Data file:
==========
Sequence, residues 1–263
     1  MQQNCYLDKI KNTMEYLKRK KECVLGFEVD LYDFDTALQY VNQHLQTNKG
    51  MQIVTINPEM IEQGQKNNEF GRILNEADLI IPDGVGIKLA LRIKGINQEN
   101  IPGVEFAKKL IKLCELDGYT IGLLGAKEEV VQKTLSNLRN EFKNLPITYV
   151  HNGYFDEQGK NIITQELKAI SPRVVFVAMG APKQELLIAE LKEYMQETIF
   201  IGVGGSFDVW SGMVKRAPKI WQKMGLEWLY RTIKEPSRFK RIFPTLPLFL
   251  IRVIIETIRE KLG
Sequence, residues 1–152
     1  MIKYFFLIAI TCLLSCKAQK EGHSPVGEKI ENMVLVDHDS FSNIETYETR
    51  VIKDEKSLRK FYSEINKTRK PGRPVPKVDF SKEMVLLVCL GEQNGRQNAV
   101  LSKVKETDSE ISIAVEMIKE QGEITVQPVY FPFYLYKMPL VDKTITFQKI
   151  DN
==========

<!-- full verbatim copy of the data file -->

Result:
Sequence, residues 1–263
     1  MQQNCYLDKI KNTMEYLKRK KECVLGFEVD LYDFDTALQY VNQHLQTNKG
    51  MQIVTINPEM IEQGQKNNEF GRILNEADLI IPDGVGIKLA LRIKGINQEN
   101  IPGVEFAKKL IKLCELDGYT IGLLGAKEEV VQKTLSNLRN EFKNLPITYV
   151  HNGYFDEQGK NIITQELKAI SPRVVFVAMG APKQELLIAE LKEYMQETIF
   201  IGVGGSFDVW SGMVKRAPKI WQKMGLEWLY RTIKEPSRFK RIFPTLPLFL
   251  IRVIIETIRE KLG
Sequence, residues 1–152
     1  MIKYFFLIAI TCLLSCKAQK EGHSPVGEKI ENMVLVDHDS FSNIETYETR
    51  VIKDEKSLRK FYSEINKTRK PGRPVPKVDF SKEMVLLVCL GEQNGRQNAV
   101  LSKVKETDSE ISIAVEMIKE QGEITVQPVY FPFYLYKMPL VDKTITFQKI
   151  DN